A few days this week I got lunch with some friends. Northgate is a mere ten minute walk from my building and has lots of tasty restaurants. I particularly enjoy Potbelly's sandwiches and milkshakes, and Antonio's pizza has always been a favorite. I also went out a few nights to play pool.
June 8-12, 2009
This week on Monday I met with Dr. Furuta and Dr. Castro from the Nautical Archaeology Department. We discussed what type of information a nautical archaeologist might be interested in while researching. For example, whether an account of a shipwreck is factual or fictional, whether the wreck has been found, the origin and destination of the ship, or what the captain's name was. Dr. Castro e-mailed me a more complete list of questions. I skimmed several chapters in some of the user interface design textbooks Dr. Furuta gave me and wrote down tips I thought might be helpful when designing the search interface. I began sketching out ideas for how the interface might be laid out, based on the several online databases I've looked at so far. I also wrote out several problems to think about, such as how to make it easy to divide a search into many subcategories without making the interface cluttered.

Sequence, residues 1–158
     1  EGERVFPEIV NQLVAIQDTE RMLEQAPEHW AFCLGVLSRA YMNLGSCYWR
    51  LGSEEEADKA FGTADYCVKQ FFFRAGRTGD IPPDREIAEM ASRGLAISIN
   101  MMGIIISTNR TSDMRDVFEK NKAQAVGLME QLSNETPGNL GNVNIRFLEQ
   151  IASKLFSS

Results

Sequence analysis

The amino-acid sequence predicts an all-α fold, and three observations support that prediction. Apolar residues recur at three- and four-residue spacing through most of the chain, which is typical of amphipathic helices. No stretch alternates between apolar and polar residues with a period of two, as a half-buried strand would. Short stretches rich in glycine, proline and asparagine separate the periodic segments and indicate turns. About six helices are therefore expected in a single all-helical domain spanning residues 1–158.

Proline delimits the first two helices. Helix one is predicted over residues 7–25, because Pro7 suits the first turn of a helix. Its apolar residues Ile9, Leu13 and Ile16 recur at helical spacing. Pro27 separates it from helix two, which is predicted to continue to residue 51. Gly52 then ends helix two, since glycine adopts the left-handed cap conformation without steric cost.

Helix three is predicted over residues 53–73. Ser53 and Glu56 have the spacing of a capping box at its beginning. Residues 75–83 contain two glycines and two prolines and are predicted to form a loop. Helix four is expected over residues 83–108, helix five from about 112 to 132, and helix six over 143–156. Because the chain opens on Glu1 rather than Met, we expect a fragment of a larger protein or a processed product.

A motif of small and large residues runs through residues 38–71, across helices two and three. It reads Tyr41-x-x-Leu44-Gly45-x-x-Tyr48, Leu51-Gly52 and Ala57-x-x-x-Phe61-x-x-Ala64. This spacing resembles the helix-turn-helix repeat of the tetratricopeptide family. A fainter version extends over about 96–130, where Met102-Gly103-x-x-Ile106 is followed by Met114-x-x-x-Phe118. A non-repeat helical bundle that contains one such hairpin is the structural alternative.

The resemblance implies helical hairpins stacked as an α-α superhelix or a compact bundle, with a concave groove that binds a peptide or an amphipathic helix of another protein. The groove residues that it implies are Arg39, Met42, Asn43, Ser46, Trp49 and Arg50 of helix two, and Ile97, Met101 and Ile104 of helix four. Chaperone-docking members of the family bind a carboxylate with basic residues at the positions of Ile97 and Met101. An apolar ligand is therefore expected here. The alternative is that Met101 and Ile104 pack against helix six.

While home I've made a point to see as many movies as possible with my friends. The ticket prices here are so cheap compared with California. At school, seeing movies is a treat since tickets can cost >$10. Here, since the tickets are only $4 for students, seeing a movie in the theater costs the same as renting a movie. I went with some friends to see The Hangover, and it was hilarious. It's definitely one of the funniest movies I've seen in awhile.
June 1-5, 2009
The first week I met with Dr. Furuta and Dr. Caverlee to discuss beginning work on a search interface for the Nautical Archaeology Department. They pointed me to a website for a competition called Digging Into Data which had a list of several different online databases. My main task for this week was to skim over the databases and get an idea of which ones might have some information pertaining to nautical archaeology, and of those, which had the most information. I kept track of statistics such as how many total resources the database had and how many results were yielded when I searched for terms like "shipwreck". I found three databases which will be useful: Chronicling America Library of Congress National Digital Newspaper Program, The New York Times Article Search API, and JSTOR.
Dr. Furuta also gave me a few textbooks about user interface design to look through, as well as one with a few sections on information retrieval.
Unlike many of the other REU students, I am from College Station, though I attend Harvey Mudd College. This has made it easier, I imagine, because I don't have to get to know a new city. Last summer I stayed at Mudd and did research, so I was only home for a few weeks. It's nice to be back and to see all my friends from high school (most of whom are attending Texas A&M). I'm working in the Digital Libraries lab, in an office with one other girl, Bethany. Bethany is also working with Dr. Caverlee, but her project has to do with the geographical locations of Twitter users.